Here's some examples.
I will honor him in my work, and bless what he has done for the animation industry.
I also want to thank my second idol John Kricfalusi for bringing this to not only my attention but all of us young cartoonists and historians.
Thank you Ed for your inspiration and god bless.
He is surely with the best artists in God's Heaven now. Bob Clampett, Chuck Jones, Tex Avery, the list goes on.
With my Sympathy,
_Eric Crooks

Mike G. said...

John, Your tribute to Ed Benedict would stand as a great eulogy to the man. I too, was influenced by his style as a very young boy. I know how corney it sounds, but your observations and experiences with HB cartoons/stylings, mirror my own. I've been drawing F.Flintsone and other H.B. characters since I was old enough to control a pencil.

Laura T said...

I have known Ed and his family for a few years now. We were very close and I will miss our many phone conversations and visits very much. I have a wall of personalized gifts from him and they will forever be charished. I care for his grandsons Pete and Derek very much and hope they will stay in my life along with my sons Justin and Casey. I met many od Eds catoon friends and love the imprint Ed has left in my life. I love and miss you Ed. Laura T

greg oakes said...

i'm sad to her of his passing. my condolences to his family and friends. you were a very fortunate soul to have known such a man. what an influence he was on us all, whether we knew it or not. we'll still have his life's work to remind us of him. what a legacy! no doubt a hard act to follow.


Jack Ruttan said...

What a wonderful artist. So happy to hear about him through your blog. So sad to hear he's left us. Still, a great legacy.

Charlie J. said...

terrible loss. He was the greatest designer of all time.

andrew r said...

Ed's drawings aren't just good designs, they're utterly hypnotizing in how the simple shapes align together (The four guys in suits for example). All the bulbous drawings from Warners and Disney didn't have that effect. He wielded simplicity like a deadly weapon.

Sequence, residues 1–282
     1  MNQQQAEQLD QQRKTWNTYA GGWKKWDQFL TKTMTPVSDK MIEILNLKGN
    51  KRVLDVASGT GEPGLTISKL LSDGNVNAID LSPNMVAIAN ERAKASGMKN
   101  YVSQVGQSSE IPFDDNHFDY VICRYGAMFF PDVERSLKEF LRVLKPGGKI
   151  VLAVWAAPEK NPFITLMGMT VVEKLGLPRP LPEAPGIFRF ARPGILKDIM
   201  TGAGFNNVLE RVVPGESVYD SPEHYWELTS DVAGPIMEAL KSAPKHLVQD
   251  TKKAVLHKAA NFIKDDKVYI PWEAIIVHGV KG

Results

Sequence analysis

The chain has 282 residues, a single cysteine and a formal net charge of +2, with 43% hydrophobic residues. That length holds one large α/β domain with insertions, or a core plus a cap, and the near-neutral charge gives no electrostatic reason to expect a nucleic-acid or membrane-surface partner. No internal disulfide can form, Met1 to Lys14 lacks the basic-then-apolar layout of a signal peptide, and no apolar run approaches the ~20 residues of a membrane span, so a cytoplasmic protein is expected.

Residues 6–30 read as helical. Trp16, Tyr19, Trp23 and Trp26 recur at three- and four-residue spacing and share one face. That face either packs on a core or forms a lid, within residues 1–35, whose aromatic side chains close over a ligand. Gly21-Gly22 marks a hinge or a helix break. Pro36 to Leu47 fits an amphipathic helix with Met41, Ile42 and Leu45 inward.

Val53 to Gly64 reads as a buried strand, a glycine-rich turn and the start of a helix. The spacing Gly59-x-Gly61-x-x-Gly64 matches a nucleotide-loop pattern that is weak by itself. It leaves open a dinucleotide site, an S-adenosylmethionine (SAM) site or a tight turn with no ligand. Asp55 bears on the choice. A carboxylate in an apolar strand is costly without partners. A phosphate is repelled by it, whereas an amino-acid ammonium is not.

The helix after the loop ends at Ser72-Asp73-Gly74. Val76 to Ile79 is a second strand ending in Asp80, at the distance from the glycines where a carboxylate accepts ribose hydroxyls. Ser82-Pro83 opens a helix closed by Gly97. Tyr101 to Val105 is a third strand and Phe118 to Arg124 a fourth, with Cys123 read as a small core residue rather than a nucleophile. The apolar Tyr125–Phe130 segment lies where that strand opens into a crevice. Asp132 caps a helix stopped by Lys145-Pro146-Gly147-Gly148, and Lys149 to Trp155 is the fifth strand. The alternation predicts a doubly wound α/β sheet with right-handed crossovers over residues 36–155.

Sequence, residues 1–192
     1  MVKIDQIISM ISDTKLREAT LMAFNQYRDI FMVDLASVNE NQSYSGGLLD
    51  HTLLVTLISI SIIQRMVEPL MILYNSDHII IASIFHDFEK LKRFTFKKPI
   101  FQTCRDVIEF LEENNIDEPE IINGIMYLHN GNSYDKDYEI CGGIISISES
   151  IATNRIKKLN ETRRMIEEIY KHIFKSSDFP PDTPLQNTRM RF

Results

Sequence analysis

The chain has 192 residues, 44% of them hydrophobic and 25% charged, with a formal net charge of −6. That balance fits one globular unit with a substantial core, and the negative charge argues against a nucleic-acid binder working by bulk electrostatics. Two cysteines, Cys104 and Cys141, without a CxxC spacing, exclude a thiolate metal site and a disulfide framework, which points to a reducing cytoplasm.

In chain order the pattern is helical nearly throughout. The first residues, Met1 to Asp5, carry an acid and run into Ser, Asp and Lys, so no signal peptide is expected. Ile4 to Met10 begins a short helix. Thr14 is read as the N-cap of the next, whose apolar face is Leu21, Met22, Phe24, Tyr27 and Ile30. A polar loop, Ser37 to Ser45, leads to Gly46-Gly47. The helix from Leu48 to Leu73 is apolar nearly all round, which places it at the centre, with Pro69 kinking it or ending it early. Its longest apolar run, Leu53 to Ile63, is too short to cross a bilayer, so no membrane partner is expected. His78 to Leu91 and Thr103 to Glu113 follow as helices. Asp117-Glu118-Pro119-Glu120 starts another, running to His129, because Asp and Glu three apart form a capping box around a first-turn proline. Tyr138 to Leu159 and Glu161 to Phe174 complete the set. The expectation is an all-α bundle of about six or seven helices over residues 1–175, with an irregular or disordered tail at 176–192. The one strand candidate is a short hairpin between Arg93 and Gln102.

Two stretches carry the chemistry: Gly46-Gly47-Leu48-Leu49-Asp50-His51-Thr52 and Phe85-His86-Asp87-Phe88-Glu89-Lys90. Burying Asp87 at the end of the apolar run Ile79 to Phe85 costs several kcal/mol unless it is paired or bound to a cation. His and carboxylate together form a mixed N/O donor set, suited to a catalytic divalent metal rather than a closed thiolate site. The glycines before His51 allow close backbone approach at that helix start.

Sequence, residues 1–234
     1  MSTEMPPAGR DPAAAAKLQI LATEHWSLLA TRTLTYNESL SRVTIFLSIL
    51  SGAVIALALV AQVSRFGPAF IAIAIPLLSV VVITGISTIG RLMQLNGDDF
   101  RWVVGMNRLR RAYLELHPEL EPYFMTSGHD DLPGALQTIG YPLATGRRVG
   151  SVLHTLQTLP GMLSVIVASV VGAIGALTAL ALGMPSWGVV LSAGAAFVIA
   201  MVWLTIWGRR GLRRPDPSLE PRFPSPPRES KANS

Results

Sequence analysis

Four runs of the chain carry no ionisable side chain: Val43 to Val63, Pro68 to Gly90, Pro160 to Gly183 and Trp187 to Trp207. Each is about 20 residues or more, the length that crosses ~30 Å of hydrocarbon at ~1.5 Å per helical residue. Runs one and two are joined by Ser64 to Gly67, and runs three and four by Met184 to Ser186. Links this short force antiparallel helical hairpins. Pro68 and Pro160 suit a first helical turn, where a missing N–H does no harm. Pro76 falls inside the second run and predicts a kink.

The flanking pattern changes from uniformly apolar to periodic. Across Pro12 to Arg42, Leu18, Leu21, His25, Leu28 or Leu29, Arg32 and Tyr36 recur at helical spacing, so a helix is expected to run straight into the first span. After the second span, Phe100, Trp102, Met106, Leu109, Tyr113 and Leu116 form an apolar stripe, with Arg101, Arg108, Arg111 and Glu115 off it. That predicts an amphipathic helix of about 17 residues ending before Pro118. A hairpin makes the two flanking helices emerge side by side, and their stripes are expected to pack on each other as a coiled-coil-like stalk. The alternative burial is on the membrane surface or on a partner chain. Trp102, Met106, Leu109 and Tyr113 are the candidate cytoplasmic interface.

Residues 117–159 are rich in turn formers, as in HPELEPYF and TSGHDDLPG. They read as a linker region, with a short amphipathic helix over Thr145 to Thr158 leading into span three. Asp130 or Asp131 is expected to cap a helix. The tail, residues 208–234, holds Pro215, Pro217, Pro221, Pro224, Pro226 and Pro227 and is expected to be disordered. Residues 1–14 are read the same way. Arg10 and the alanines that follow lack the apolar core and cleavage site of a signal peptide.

Sketch said...

Damn, truly sad news. Ed Benedict truly did some great designs in animation and inspired alot of great cartoonists. My condolences to Ed's family.

Eddie Fitzgerald said...

Those backgrounds look better than I've ever seen them. What interesting color and what challenging shapes! The characters look great!

I'm truly sorry to hear about Ed's passing. He was irreplacable.

Brian Goss said...

That's terrible news. What a loss.

This man designed Quick Draw of my favorite characters of all time...also worked on Deputy Droopy, one of my favorite Tex Avery toons.

And I dearly loved the first season of the Flinstones.

He made a difference. A positive difference in my life, particulary my childhood - helping to make it a happy experience. And he's very much cherished.

David Germain said...

I just got an email from someone at Warner Bros. named Marc Melocchi, who tells me that Joe is in a wheelchair and unable to communicate at all.

Sounds like the beginning signs of a stroke. Mr. Barbara might not be with us much longer.

I missed my chance to do something for Ed on my blog but I'll be damn good and ready to do something for Joe.

ronald m carter said...

I have a question: did Ed work on the Jetsons as well?

C. A. M. Thompson said...